The Council approved and forwarded to the General Council for adoption a draft decision extending by six years the WTO waiver, which expires at the end of this year, for the Kimberley Process Certification Scheme for Rough Diamonds. The waiver covers measures taken by members listed in the annex of the decision (Australia, Botswana, Brazil, Canada, Croatia, India, Israel, Japan, Korea, Malaysia, Mauritius, Mexico, Norway, Philippines, Sierra Leone, Chinese Taipei, Thailand, United Arab Emirates, United States and Venezuela) necessary to prohibit the export of rough diamonds to non-participants in the scheme.

The draft decision recognized the “devastating impact of conflicts fuelled by trade in conflict diamonds on the peace, safety and security of people in the affected countries”. It notes that the scheme “has responded to the call of the United Nations General Assembly to give urgent and careful consideration to devising effective and pragmatic measures to address the problem of conflict diamonds”.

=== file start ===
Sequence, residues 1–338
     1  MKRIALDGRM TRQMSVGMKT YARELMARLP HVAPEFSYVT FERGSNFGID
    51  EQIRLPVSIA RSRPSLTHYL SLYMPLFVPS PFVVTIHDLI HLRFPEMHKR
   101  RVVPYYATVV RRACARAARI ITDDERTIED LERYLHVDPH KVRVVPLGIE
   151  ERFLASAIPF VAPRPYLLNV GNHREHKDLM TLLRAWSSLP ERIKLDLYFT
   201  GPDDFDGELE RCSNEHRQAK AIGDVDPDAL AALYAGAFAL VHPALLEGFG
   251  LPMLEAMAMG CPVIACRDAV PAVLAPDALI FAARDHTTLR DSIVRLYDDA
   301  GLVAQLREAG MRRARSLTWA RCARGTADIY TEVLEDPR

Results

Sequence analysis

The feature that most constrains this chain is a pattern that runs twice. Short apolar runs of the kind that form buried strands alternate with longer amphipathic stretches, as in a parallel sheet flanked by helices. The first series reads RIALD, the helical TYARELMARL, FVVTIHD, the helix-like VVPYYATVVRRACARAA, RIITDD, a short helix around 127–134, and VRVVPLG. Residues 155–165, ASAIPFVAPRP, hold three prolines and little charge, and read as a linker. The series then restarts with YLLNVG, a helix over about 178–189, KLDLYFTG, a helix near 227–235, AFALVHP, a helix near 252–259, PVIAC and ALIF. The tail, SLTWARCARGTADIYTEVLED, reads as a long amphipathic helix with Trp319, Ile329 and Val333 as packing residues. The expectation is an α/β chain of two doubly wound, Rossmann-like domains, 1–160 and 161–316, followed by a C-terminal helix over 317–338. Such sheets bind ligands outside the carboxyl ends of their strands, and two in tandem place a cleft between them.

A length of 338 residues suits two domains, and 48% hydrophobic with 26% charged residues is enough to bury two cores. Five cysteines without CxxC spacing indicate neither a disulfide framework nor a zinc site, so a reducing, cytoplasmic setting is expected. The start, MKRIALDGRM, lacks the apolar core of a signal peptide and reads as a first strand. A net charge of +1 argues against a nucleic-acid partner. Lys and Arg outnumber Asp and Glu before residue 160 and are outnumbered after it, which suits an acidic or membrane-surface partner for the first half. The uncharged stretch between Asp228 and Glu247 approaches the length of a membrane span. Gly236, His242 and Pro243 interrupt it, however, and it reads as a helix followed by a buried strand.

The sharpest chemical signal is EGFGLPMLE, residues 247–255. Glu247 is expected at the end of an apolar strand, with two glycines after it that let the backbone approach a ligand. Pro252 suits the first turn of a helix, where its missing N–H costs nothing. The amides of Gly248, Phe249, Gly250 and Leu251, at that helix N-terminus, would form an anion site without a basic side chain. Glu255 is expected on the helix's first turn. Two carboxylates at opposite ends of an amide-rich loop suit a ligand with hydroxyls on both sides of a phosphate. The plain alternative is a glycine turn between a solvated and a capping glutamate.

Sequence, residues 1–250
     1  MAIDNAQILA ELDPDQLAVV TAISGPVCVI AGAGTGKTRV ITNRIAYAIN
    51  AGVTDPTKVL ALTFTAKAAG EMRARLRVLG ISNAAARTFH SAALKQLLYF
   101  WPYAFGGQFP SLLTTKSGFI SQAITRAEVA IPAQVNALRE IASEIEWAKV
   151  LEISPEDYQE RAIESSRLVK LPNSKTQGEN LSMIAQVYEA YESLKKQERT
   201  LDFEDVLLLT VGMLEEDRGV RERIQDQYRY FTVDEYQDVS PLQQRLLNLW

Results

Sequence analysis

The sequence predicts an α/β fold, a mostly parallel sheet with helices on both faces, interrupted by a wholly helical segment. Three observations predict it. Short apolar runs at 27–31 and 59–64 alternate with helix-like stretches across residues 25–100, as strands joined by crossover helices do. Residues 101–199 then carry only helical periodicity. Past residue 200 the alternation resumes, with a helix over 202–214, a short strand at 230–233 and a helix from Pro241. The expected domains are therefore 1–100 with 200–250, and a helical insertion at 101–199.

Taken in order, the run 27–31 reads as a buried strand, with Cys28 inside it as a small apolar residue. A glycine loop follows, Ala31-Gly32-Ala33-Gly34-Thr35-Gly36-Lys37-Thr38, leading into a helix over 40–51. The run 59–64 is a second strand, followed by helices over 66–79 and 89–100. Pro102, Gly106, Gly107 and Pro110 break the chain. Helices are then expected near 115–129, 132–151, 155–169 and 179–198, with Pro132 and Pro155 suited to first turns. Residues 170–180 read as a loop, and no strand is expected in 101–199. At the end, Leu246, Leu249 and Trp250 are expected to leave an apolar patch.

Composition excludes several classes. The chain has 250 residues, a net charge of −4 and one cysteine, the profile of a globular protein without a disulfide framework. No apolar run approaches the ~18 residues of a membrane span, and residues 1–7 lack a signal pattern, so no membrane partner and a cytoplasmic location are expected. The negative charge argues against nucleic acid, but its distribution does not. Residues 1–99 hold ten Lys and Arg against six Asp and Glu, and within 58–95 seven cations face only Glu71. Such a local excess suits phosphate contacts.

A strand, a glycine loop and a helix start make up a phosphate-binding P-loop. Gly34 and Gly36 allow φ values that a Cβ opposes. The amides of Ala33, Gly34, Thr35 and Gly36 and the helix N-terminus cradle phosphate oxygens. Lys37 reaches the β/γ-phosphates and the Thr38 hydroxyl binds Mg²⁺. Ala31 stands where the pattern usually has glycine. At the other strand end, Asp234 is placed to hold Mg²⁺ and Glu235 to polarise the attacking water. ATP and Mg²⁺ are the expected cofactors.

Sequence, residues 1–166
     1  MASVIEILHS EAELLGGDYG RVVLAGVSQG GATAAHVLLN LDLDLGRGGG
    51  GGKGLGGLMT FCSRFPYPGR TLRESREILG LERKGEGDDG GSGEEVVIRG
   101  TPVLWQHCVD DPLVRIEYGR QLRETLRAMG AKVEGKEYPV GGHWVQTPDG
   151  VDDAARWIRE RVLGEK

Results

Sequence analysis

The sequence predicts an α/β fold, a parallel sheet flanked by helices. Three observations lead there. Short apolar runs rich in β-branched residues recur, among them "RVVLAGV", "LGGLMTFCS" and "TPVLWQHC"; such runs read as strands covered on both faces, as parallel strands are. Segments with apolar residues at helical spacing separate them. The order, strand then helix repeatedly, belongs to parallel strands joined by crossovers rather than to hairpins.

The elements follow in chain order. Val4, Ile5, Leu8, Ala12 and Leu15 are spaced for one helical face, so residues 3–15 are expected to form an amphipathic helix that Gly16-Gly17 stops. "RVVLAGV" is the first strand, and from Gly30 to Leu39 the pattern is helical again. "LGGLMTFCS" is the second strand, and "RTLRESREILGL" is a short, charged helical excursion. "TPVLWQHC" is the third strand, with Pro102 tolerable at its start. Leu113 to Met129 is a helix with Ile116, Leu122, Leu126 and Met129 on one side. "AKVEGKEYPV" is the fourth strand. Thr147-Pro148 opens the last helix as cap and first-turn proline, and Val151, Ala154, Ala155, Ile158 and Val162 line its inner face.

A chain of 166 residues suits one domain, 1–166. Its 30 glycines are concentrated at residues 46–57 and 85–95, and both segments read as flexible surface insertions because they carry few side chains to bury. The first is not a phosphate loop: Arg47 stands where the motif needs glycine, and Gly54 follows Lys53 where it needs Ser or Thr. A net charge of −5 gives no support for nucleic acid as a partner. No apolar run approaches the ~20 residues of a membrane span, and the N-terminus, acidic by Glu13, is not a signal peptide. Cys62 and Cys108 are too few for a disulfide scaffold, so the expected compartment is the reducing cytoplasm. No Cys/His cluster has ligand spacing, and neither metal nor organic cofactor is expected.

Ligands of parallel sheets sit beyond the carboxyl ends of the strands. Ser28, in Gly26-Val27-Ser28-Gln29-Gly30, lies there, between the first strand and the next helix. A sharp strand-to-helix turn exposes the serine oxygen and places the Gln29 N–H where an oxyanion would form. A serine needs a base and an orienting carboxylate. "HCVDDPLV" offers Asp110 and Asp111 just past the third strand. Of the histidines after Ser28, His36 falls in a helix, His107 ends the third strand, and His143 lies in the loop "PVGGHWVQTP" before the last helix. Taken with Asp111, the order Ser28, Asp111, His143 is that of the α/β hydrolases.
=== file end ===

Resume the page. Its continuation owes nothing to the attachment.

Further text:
The Council also approved and forwarded to the General Council for adoption a draft decision extending until 31 December 2011 the waiver on Canada’s duty free treatment to imports from Commonwealth Caribbean countries under the CARIBCAN initiative.

It approved Cuba’s request for an extension (until 31 December 2011) of the waiver relieving it from a GATT provision which provides that a member which ceases to be a member of the International Monetary Fund shall enter into a special exchange agreement with the WTO.